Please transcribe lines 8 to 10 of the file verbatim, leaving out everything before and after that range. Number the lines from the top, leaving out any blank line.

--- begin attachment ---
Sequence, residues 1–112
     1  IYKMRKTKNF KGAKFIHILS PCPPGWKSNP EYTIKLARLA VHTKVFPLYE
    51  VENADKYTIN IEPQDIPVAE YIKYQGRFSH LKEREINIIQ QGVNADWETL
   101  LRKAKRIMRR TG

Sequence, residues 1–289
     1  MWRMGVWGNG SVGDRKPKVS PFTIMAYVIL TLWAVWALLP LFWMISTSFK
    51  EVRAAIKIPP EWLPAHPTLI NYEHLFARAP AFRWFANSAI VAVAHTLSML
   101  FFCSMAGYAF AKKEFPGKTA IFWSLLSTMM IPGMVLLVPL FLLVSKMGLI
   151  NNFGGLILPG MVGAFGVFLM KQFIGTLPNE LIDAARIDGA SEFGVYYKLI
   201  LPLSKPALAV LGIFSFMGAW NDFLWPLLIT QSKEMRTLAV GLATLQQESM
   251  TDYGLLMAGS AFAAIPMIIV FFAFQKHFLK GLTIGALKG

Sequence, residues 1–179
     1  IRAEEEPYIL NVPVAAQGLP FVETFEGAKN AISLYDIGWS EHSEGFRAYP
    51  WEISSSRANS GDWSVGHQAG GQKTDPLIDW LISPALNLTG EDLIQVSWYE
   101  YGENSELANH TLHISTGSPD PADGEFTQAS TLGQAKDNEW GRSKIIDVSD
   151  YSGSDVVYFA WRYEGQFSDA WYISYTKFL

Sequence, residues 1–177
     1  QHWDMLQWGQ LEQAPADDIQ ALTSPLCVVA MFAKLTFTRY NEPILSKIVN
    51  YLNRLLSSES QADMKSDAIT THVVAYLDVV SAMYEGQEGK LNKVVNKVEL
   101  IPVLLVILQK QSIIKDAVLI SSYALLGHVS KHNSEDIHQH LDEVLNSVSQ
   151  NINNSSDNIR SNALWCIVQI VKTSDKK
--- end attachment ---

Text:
   101  FFCSMAGYAF AKKEFPGKTA IFWSLLSTMM IPGMVLLVPL FLLVSKMGLI
   151  NNFGGLILPG MVGAFGVFLM KQFIGTLPNE LIDAARIDGA SEFGVYYKLI
   201  LPLSKPALAV LGIFSFMGAW NDFLWPLLIT QSKEMRTLAV GLATLQQESM